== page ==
Yemeni facility 'caused concern'

Official expressed concern about unsecured state of nuclear material, according to leaked diplomatic cable.

    Al-Qaeda has been active in Yemen, targeting both Yemeni and Western interests [Reuters]

    A storage facility holding Yemen's radioactive material was left unguarded for up to a week after its only guard was removed on December 30, 2009, according to a US cable released by the whistleblower website WikiLeaks.

    The leaked cable, published by the UK's Guardian newspaper, was sent by a Yemeni government official in Sanaa to the CIA, the FBI and the homeland security department as well as the US secretary of state in Washington and others.

    It was sent in the days following last year's failed Christmas day bomb plot targeting a Detroit-bound airliner.

    According to security sources, Umar Farouk Abdulmutallab, the Nigerian-born would-be airline bomber, was radicalised in Yemen.

    The cable also disclosed that the single closed-circuit television security camera monitoring the facility had broken six months prior to that and it was never fixed.

    According to the cable, small amounts of the radioactive materials were used by local universities for agricultural research, by a Sanaa hospital and by international oilfield services companies for well-logging equipment.

    The message, dated January 9, shows the concerns of a Yemeni government official, whose name was removed, about the unsecured state of a National Atomic Energy Commission facility [NAEC].

    'Bad guys' warning

    The cable reveals that the official urged the US to help convince the Yemeni government to "remove all materials from the country until they can be better secured, or immediately improve security measures at the NAEC facility".

    The official has been quoted in the cable as saying that "very little now stands between the bad guys and Yemen's nuclear material".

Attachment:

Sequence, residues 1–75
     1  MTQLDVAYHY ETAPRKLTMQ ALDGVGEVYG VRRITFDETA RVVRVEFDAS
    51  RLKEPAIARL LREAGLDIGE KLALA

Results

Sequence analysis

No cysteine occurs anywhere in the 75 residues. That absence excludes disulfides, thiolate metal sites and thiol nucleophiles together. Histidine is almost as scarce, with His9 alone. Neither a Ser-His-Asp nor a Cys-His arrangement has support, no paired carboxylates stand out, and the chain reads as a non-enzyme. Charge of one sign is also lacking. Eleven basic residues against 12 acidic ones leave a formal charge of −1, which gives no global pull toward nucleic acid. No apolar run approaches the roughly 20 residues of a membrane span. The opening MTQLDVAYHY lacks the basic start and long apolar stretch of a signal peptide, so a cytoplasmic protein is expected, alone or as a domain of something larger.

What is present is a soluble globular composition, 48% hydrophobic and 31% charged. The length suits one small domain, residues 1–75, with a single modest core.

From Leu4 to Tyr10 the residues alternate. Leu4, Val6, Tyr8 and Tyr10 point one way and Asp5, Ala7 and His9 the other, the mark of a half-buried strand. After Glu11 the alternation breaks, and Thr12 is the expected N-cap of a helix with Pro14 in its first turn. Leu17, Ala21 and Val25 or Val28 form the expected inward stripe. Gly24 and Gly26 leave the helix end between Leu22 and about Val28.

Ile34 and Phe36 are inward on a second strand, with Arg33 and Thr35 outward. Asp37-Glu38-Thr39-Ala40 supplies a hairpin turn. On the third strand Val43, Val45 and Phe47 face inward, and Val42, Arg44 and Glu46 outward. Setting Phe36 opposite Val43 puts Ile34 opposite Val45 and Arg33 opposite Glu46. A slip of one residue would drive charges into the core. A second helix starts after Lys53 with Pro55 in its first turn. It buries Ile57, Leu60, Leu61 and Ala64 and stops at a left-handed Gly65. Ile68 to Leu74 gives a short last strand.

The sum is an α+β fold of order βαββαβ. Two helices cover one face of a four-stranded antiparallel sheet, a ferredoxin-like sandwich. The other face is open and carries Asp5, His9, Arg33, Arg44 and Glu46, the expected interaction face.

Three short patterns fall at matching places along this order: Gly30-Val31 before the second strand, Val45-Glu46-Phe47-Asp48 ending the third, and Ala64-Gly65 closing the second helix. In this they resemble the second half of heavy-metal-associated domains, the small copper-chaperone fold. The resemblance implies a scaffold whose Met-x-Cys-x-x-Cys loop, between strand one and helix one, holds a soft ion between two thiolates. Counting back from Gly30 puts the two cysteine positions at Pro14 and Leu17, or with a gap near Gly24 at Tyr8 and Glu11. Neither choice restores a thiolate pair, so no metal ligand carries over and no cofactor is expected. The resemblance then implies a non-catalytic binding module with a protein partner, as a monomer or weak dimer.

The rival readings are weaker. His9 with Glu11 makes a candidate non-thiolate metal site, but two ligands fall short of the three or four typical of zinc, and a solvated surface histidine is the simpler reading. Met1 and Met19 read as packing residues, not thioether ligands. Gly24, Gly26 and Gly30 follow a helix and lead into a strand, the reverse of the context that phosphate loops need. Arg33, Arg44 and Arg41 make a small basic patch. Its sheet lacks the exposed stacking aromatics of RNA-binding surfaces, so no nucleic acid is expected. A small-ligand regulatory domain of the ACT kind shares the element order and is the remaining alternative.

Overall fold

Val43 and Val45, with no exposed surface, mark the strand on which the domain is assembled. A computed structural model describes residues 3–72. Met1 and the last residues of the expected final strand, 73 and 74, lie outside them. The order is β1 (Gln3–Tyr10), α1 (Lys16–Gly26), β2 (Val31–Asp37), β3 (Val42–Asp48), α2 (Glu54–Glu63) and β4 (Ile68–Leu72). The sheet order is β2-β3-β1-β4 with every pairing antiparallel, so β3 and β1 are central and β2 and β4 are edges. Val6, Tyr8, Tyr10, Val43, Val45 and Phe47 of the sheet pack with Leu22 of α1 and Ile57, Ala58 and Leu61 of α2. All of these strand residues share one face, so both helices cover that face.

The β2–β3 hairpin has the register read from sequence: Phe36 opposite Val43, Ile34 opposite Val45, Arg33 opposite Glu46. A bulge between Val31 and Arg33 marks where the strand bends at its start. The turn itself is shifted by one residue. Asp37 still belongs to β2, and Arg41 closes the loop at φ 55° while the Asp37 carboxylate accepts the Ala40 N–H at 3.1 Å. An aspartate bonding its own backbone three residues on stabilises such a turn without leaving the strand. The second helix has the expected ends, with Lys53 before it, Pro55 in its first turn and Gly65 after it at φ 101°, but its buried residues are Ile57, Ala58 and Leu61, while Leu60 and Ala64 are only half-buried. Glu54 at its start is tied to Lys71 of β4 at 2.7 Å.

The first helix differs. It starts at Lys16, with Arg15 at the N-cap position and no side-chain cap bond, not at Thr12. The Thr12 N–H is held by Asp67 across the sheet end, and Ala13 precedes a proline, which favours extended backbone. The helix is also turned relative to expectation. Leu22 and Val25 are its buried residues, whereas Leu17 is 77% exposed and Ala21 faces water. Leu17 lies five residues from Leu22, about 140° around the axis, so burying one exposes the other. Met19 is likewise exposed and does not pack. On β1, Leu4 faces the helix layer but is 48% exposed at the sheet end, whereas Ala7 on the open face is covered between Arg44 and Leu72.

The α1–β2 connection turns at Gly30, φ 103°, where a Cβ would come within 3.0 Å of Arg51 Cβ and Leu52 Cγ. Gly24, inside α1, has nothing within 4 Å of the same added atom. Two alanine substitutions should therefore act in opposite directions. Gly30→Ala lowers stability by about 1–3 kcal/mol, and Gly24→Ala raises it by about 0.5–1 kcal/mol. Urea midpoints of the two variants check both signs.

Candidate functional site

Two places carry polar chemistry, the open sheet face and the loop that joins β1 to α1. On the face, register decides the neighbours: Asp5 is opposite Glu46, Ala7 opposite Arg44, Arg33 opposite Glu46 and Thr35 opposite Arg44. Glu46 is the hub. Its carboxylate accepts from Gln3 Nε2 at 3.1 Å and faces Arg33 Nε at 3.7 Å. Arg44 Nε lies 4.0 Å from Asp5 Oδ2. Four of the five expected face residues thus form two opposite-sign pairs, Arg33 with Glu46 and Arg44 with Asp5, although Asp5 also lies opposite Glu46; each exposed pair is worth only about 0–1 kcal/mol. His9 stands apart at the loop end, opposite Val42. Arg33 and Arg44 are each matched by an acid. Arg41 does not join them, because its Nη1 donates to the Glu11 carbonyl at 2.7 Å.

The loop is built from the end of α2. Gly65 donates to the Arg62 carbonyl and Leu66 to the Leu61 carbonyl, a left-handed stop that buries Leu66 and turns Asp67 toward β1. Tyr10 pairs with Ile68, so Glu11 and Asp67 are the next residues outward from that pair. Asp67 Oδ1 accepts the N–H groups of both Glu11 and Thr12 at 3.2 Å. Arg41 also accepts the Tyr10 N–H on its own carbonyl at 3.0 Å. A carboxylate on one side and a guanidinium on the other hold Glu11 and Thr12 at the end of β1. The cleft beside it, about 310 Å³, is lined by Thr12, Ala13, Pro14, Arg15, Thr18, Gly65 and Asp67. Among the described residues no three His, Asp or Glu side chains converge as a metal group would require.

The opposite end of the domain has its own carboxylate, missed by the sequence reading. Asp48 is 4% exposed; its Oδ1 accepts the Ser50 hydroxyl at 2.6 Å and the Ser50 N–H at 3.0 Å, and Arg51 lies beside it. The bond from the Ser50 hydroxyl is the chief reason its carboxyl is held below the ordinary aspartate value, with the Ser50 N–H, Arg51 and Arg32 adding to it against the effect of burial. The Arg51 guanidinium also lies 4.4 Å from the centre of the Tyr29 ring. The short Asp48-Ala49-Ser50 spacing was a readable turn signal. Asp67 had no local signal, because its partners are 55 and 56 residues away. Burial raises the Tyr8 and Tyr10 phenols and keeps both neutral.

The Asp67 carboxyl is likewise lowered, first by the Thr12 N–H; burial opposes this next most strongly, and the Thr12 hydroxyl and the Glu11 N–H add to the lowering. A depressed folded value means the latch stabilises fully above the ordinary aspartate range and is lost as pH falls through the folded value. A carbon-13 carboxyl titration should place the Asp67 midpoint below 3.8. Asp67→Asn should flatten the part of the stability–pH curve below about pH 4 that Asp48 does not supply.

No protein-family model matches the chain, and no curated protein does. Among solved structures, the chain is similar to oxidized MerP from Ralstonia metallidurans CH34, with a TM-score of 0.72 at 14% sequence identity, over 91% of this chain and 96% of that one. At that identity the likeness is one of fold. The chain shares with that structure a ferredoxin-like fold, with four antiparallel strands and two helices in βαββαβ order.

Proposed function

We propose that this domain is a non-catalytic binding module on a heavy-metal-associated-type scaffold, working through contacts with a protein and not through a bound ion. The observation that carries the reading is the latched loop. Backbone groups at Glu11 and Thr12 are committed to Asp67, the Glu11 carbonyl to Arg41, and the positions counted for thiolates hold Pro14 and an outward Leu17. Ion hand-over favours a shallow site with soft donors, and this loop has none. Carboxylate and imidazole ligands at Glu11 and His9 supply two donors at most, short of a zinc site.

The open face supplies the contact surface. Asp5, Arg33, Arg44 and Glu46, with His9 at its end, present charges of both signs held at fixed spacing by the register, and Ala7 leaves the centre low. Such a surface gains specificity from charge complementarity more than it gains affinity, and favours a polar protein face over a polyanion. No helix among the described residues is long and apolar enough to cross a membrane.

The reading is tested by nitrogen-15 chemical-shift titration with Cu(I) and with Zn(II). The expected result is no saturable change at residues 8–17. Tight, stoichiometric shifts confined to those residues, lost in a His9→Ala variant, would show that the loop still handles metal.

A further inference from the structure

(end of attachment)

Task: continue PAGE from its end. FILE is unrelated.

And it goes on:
The cable showed that the embassy would push senior Yemeni officials to provide an accounting of its radioactive materials and ensure storage facilities were secure.

    However, on January 7, Abu Bakr al-Qirbi, Yemeni foreign minister told the US ambassador that "no radioactive material was currently stored in Sanaa and that all "radioactive waste was shipped to Syria".

    Yemeni officials could not immediately be reached for comment on the Guardian report.

    Attempted attacks

    Al-Qaeda in the Arabian Peninsula [AQAP], an extremely active branch of the group, has its headquarters in Yemen, the poorest Arab country.

    AQAP has not only frequently targeted the Yemeni government but has also attempted several attacks against the West, including the failed cargo-bomb plot in October and the failed 2009 Christmas Day bomb plot.

    Unlike uranium, radioactive isotopes are not explosive on their own.

    However, Western governments, including the US, fear that a nuclear device can be made combining these isotopes with simple explosives.

    The radioactive elements in such a nuclear device are not likely to kill a significant number of people, but are sufficient to easily damage and contaminate large areas, turning them into no-go zones.

    Hence the concern voiced by the Yemeni official to secure the radioactive stocks as quickly as possible before AQAP operatives could get their hands on these.

    SOURCE: Agencies


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